Dr. Warren holds this belief with the strength of traditional religious convictions,

and exercises it through work with a ministry of a local church, in which he has engaged

for years. 5 It is central to how he lives his faith. It is why he chose to pursue his career in

5 Dr. Warren’s sincere spiritual belief in the inherent worth of every human being and the corresponding duty to provide life-saving care to fellow human beings in distress is a common core belief in a number of well-known religions including Christianity, Judaism, Mormonism and Islam and, as such, is precisely the type of belief RFRA mandates be protected. See, e.g. Mathew 25: 37-41 “Then the righteous will answer him, ‘Lord, when was it that we saw you hungry and gave you food, or thirsty and gave you something to drink? And when was it that we saw you a stranger and welcomed you, or naked and gave you clothing? And when was it that we saw you sick or in prison and visited you?’ And the king will answer them, ‘Truly I tell you, just as you did it to one of the least of these who are members of my family, you did it to me.’” Luke 3:11 “In reply he said to them, ‘Whoever has two coats must share with anyone who has none; and whoever has food must do likewise.’” Leviticus 19: 33-34 “When a foreigner resides among you in your land, do not mistreat them. The foreigner residing among you must be treated as your native-born. Love them as yourself, for you were foreigners in Egypt. I am the Lord your God.” Deuteronomy 10:18-19 “He defends the cause of the fatherless and the widow, and loves the foreigner residing among you, giving them food and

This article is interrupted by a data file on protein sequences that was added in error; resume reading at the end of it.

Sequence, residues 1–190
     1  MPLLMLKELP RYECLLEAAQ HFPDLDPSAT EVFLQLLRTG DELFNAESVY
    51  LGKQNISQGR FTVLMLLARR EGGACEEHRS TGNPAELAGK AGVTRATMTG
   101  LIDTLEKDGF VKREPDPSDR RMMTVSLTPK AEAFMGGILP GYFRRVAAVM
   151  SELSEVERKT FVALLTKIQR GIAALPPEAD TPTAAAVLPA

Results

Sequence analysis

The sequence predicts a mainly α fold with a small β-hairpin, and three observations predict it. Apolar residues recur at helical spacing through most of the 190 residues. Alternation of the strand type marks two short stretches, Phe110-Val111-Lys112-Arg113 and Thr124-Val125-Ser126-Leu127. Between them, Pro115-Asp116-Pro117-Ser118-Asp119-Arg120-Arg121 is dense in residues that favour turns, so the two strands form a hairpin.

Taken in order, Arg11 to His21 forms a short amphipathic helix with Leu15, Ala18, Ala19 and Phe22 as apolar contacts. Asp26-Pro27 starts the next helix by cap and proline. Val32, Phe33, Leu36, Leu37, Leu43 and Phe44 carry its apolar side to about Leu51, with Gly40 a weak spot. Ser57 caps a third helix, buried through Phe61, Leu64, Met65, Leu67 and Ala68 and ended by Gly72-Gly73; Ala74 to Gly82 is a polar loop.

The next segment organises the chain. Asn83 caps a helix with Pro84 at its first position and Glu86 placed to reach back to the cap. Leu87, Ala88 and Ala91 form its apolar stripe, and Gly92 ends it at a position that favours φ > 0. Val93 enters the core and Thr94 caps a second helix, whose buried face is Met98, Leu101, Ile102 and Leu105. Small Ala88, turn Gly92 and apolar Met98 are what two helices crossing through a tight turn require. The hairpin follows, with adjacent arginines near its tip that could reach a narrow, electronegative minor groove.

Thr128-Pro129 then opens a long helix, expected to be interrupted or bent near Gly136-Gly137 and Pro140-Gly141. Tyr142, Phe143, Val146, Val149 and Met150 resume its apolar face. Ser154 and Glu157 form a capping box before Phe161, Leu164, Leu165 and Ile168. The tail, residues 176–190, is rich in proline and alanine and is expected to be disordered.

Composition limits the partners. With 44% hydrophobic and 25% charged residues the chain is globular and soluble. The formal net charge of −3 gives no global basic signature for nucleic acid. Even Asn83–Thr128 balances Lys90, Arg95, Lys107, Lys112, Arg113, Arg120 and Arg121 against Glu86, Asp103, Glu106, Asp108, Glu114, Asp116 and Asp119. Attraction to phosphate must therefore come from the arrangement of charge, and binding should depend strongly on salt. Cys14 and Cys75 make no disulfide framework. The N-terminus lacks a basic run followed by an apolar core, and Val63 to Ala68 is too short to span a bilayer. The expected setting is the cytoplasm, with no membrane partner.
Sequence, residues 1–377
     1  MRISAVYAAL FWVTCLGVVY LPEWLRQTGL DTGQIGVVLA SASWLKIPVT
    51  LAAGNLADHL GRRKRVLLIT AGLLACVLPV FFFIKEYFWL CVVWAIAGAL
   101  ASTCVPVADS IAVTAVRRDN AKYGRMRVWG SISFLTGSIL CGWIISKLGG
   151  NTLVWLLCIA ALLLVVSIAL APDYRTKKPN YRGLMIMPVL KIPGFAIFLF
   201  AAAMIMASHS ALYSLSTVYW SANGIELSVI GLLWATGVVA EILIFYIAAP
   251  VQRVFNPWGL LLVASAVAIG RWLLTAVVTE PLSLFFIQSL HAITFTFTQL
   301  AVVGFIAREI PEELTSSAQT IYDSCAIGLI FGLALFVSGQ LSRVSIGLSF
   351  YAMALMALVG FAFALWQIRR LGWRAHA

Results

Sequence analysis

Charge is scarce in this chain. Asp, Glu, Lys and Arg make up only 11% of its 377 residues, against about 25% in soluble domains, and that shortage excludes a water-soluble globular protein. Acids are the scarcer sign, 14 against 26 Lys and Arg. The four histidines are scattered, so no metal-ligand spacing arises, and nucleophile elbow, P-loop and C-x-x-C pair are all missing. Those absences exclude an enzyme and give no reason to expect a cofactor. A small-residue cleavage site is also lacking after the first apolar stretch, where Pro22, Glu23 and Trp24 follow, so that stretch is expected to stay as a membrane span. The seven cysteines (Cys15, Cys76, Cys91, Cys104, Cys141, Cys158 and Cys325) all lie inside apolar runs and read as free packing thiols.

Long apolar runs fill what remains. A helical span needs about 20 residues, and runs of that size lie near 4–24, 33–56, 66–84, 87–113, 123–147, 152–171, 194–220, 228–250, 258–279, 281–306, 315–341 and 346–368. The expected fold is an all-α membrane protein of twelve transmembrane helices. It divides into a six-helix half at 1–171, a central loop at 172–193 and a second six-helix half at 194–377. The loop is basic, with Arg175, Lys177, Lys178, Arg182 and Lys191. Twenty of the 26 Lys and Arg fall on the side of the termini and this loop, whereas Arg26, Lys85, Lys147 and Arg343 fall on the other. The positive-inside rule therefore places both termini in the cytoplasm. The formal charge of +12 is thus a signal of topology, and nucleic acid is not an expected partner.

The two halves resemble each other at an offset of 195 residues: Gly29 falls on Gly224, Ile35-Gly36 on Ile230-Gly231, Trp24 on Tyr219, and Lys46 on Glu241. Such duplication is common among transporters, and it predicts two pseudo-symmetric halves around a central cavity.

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geography, and why he has made his home in Ajo. Moreover, like the defendant in Ward,

Dr. Warren’s beliefs run so deep that he has shouldered substantial risks to his safety and

livelihood to remain faithful to them. Thus, in the deadly border region in which at least

412 individuals died in 2017 alone, Dr. Warren could not, consistent with his conscience,

turn away two exhausted, injured men seeking food, water, and shelter.

Courts have recognized actions similar to Dr. Warren’s as religious practice. The

Second Circuit, for example, has recognized that providing a temporary place to sleep for

individuals in need was constitutionally protected religious exercise, even absent the

additional protections of RFRA. Fifth Ave. Presbyterian Church v. City of N.Y., 293 F.3d

570, 574–75 (2d Cir. 2002) (“[T]he Church has demonstrated a likelihood of success in

establishing that its provision of outdoor sleeping space for the homeless effectuates a

sincerely held religious belief and therefore is protected under the Free Exercise

Clause.”). Given Dr. Warren’s assertion that his actions in providing emergency

assistance to the migrants were an expression of his spiritual beliefs in the inherent worth

clothing. And you are to love those who are foreigners, for you yourselves were foreigners in Egypt.” Mosiah 4:19 “For behold, are we not all beggars? Do we not all depend upon the same Being, even God, for all the substance which we have, for both